Sam - whilst there is much in 'Transforming Presence' to be applauded, I note that it doesn't question the core-structure of large Diocese.... I think this is an error. My own contention is that both parish AND diocese are fractured and doomed structures, which no longer serve mission well. Just making lots more mini-Archdeacons and mini-Bishops still may be just playing....Is there a question of whether turkeys ever vote for Christmas, though?!...

  7. There is also a fundamental dishonesty about the deployment of resource to mission...
    [I may have had these arguments with 'others' in the past!??]
    For a more private conversation, I suspect?!?...

  8. Paul - please don't get the idea that everything is rosy on our side of the pond. In our diocese we have a majority of urban parishes (two thirds), and they are all single point and most self-supporting. Parishes are responsible for the entire cost of stipend and housing, all local expenses and upkeep of the church, and what you would call a parish 'share' that amounts to about 15% of our income, that goes entirely to diocesan and national expenses. In our parish (average Sunday attendance of 92) that means an annual budget this year of about $140,000, not including our outreach giving which is voluntary and extra-budget.

    But many of our rural parishes are reduced to part-time ministry because they can't afford to pay a full stipend. And of course, given that some of them are two or three hours drive from the city (there's our prairie geography!), it's hard to find people who want to work part-time.

    But all in all I think that thing that frees us up the mot is that we are not an established church and that we have a canon on our diocesan books which says that no priest may be compelled to administer a sacrament against their conscience. I only do three or four baptisms a year and this year I did no weddings, and this week I did my first two funerals of the year.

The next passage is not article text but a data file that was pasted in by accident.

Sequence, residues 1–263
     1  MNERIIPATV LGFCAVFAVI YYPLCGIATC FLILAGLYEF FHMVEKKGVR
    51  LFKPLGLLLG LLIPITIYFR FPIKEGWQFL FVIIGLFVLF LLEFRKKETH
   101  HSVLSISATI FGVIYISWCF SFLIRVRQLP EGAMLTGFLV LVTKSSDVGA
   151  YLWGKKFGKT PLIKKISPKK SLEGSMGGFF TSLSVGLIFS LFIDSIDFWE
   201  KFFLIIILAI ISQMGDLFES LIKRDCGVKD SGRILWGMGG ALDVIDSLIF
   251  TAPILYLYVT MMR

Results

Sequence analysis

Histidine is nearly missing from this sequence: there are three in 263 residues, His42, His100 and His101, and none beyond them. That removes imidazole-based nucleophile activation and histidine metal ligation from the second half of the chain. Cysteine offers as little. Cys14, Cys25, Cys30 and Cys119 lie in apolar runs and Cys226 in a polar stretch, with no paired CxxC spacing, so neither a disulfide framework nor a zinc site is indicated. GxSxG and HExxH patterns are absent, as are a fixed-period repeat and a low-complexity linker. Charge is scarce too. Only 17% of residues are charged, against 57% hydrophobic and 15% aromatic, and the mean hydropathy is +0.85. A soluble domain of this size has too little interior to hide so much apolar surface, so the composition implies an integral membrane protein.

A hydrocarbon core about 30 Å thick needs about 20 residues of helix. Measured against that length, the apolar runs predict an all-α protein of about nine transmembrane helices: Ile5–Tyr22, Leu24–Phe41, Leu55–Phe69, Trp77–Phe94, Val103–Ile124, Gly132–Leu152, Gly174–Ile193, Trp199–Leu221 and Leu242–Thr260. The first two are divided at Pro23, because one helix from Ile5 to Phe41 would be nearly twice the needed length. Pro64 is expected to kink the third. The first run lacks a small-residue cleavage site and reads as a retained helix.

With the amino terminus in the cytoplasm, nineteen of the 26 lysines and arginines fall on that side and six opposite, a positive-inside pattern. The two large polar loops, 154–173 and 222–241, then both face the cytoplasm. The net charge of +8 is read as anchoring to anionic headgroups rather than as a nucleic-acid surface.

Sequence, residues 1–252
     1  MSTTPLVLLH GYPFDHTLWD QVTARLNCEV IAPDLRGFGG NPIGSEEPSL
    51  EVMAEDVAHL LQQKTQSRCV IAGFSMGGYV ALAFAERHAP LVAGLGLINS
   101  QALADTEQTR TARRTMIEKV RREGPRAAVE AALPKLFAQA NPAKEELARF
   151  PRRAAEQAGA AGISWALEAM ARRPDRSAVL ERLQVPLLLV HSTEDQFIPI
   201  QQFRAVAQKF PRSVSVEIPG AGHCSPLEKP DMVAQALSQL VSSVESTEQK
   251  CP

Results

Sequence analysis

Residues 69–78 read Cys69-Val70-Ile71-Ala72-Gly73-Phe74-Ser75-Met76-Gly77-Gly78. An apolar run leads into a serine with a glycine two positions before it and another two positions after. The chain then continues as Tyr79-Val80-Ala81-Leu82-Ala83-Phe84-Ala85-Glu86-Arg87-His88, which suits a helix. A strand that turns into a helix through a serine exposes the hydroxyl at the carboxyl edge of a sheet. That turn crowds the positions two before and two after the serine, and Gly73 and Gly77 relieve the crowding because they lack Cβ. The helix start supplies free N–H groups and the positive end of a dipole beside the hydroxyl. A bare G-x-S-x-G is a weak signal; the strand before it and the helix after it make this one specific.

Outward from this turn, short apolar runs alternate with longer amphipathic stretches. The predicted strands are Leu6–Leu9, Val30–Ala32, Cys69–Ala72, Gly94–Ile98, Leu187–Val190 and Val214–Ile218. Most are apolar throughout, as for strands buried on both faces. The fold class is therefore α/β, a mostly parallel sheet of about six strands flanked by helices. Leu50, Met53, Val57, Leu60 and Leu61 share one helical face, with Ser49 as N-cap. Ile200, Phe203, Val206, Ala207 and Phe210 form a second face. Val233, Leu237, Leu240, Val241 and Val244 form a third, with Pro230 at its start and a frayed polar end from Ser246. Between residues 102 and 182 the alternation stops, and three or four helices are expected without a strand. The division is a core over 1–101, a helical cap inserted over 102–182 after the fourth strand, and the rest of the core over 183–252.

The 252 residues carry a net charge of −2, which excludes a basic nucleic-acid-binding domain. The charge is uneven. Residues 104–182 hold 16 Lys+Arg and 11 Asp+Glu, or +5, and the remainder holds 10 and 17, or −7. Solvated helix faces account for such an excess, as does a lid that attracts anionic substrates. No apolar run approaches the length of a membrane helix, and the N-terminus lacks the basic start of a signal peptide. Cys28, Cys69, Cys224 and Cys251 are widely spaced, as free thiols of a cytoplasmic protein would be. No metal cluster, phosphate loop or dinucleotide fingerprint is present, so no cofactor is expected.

9. Tim - I do think your structure is much better than ours. (very much liked your 'what I like about this parish' post btw)

  10. Thanks, Sam. I think what we in Canada sometimes admire in the C of E is your ability to have a national policy on things. Our dioceses are so independent that there is often quite a bit of confusion moving from one diocese to another with regard to canons, employment practices etc. And we've been talking since the 1980s about having a single stipend scale across the country but we've never been able to get anywhere with it.

  11. Killing George Herbert and burning the ordinal it appears.

  12. MP - only if you restrict 'ordained' to 'full time paid ordained'.

  13. It would seem more logical to me to just ordain enough priests to deal with the situation rather than turning the few we have into branch managers. The laity should do the managing. Priests should preside, preach and visit.

  14. Paul - very intrigued by thinking of parish and diocese as doomed structures; there's a sense I'd agree with and a sense I wouldn't - I'd want to hang on to Episcopal leadership which has the logical consequence of area coverage... I think! I'm sympathetic to throwing a lot of things into the melting pot though.